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This Week in UT Sports History – July 27th-Aug. 2nd

Photo credit: Anne Newman/RTI

Major League Baseball and the WNBA returned last week with a full slate of games from Thursday to Sunday. With both seasons delayed and shortened after COVID-19 became a global pandemic, players, coaches, and fans alike stood anxious for first pitches and opening tip-offs. Mixed emotions ran high as many embraced the return of their favorite teams yet harbored concern for their health.

Still, those connected to college athletics await season decisions affecting scores of student-athletes, trainers, coaches, and campus communities. The University of Tennessee anticipates the beginning of the fall semester on Aug. 19. However, some Southeastern Conference fall athletic competitions will not resume until Aug. 31 at the earliest.

In the meantime, take a look back at Volunteer athletics in “This Week in UT Sports History.”

July 29, 2001

Before Tennessee’s Alison Ojeda took over as the seventh women’s tennis head coach for the university in 2016, the former All-American donned the orange and white as a player. Working to improve her game during the summer of 2001, Ojeda teamed up with fellow Lady Vol Vilmarie Castellvi to compete in USTA satellite competitions across the country. The pair picked up a doubles championship win in the USTA Fifth Third Bank Classic in Evansville, Indiana.

After defeating SEC rivals Carolina Mayorga and Lauren Rookledge (Kentucky) in the quarterfinals, the duo edged past top-seeded Stephanie Mabry and Aneta Soukup (7-5, 6-4) to make the finals. The match marked their first USTA championship event. Taking on Anca Anastasiu and Lara Van Rooyen of South Africa, Castellvi and Ojeda earned a decisive victory (6-2, 6-3) to add yet another line to their impressive career resumes.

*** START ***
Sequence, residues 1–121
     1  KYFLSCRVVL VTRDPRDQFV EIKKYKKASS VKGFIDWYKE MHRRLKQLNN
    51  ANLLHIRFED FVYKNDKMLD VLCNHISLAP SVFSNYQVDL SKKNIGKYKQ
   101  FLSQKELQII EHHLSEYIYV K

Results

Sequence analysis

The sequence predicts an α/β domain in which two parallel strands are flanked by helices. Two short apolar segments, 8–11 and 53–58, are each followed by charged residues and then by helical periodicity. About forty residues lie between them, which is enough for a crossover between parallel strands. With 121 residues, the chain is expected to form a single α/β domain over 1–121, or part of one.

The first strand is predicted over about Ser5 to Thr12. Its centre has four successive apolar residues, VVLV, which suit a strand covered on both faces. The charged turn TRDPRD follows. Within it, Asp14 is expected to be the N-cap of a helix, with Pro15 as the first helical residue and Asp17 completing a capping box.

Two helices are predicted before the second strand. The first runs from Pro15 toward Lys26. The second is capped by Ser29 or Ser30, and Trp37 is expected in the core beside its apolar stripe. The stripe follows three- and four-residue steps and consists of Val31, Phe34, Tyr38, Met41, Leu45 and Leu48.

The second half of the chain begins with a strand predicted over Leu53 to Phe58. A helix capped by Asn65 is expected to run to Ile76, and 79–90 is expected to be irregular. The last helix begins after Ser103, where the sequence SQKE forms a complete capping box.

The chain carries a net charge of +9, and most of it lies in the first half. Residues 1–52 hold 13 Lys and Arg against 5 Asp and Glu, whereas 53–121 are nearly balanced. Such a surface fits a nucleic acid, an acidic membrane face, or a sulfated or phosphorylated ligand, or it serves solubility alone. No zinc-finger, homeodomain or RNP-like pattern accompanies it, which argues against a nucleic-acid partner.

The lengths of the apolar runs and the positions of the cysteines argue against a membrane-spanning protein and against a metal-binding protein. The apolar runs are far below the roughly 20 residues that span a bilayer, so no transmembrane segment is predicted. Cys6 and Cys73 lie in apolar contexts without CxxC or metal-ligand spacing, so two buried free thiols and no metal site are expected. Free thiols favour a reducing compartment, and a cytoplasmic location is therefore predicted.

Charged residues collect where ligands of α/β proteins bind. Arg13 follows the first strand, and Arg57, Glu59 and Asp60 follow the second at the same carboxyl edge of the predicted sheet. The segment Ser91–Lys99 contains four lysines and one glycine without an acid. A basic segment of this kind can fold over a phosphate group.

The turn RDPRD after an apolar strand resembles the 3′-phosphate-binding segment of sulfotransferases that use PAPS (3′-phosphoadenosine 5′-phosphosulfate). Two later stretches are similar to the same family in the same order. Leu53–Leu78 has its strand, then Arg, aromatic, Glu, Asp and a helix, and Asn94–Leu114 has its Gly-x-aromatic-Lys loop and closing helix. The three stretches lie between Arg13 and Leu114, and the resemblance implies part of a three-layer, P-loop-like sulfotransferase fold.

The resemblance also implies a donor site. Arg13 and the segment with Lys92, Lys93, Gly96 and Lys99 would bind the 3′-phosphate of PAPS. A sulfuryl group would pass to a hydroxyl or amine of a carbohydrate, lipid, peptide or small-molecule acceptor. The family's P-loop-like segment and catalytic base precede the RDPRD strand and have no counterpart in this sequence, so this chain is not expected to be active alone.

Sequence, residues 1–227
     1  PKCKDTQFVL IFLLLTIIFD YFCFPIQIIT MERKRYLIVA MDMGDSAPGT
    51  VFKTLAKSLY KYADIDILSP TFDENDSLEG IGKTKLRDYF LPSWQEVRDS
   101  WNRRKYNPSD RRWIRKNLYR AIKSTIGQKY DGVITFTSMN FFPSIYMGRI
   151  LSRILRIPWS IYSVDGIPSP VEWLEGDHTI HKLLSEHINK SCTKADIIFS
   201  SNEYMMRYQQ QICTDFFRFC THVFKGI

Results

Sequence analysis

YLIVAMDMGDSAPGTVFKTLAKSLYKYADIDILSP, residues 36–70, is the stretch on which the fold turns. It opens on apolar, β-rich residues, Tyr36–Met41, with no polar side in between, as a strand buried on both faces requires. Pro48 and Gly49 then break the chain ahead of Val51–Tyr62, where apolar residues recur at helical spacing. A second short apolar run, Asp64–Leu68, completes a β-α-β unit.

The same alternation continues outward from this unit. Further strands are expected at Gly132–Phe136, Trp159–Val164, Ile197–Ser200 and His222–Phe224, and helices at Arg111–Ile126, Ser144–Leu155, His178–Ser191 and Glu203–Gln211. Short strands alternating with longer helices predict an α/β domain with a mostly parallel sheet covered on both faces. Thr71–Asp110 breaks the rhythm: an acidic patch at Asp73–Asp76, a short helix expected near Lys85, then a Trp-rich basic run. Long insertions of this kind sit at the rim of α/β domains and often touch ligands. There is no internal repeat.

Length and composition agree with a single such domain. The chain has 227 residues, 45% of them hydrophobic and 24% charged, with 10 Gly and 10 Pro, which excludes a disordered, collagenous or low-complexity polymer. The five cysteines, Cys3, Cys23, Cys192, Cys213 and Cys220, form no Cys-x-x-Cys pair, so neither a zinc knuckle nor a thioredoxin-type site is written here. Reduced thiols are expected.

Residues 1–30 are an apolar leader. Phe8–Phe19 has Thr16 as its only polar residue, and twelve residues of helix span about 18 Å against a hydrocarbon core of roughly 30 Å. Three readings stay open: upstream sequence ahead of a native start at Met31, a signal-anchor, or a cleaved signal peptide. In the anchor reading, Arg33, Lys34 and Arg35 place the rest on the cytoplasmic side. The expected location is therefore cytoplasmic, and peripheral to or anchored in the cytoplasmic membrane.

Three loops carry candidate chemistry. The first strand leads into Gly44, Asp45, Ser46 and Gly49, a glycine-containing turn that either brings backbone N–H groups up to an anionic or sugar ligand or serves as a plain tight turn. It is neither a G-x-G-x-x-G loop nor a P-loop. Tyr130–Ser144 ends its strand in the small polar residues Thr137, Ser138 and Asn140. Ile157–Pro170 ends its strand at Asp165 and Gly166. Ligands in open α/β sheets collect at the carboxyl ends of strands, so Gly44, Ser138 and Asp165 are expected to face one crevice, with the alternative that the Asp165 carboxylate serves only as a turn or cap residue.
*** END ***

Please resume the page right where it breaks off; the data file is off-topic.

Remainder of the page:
Castellvi, originally from Puerto Rico, led the Lady Vols to a Final Four appearance during the 2001-02 season. She held a 44-8 singles record. By season’s end, the ITA ranked her No. 4, the highest ever for a Tennessee player to that point. She entered the 2002 fall season ranked No. 1 in the country. In 2003, she won the Honda Sports Award for the nation’s best female tennis player.

Ojeda posted more than 100 victories in both singles and doubles during her playing career at Tennessee. During her junior year, a minor injury gave her time to think about her future in tennis. She realized she wanted to coach.

“I have been planning to be a head coach since I was a junior in college,” Ojeda said upon her hire at Tennessee. “I had a small injury and talked to [head coach Mike Patrick] then. He knew I wanted to be a head coach at some point down the road. He was unbelievable. He gave the opportunity to coach some of our younger players on the court while I was healing. Every step I have taken from a coaching standpoint has been to help get me here.”

When Patrick stepped down in 2016, he indicated Ojeda should be his successor. She had joined the program as an assistant coach the preceding June.